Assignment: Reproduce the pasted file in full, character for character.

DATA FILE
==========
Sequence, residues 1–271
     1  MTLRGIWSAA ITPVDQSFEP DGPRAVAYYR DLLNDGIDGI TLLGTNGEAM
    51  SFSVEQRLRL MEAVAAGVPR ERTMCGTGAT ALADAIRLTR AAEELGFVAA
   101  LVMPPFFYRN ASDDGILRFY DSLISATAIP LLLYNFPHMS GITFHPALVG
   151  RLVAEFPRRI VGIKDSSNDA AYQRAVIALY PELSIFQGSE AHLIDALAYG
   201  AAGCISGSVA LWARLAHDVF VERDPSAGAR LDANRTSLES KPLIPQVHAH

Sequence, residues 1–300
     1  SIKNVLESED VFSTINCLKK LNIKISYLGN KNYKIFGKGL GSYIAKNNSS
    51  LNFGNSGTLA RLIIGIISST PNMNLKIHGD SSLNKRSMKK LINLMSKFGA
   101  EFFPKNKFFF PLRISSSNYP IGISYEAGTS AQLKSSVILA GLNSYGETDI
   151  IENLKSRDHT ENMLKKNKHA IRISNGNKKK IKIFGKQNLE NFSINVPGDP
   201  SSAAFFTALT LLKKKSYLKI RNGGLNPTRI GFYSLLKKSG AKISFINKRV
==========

Sequence, residues 1–271
     1  MTLRGIWSAA ITPVDQSFEP DGPRAVAYYR DLLNDGIDGI TLLGTNGEAM
    51  SFSVEQRLRL MEAVAAGVPR ERTMCGTGAT ALADAIRLTR AAEELGFVAA
   101  LVMPPFFYRN ASDDGILRFY DSLISATAIP LLLYNFPHMS GITFHPALVG
   151  RLVAEFPRRI VGIKDSSNDA AYQRAVIALY PELSIFQGSE AHLIDALAYG
   201  AAGCISGSVA LWARLAHDVF VERDPSAGAR LDANRTSLES KPLIPQVHAH

Sequence, residues 1–300
     1  SIKNVLESED VFSTINCLKK LNIKISYLGN KNYKIFGKGL GSYIAKNNSS
    51  LNFGNSGTLA RLIIGIISST PNMNLKIHGD SSLNKRSMKK LINLMSKFGA
   101  EFFPKNKFFF PLRISSSNYP IGISYEAGTS AQLKSSVILA GLNSYGETDI
   151  IENLKSRDHT ENMLKKNKHA IRISNGNKKK IKIFGKQNLE NFSINVPGDP
   201  SSAAFFTALT LLKKKSYLKI RNGGLNPTRI GFYSLLKKSG AKISFINKRV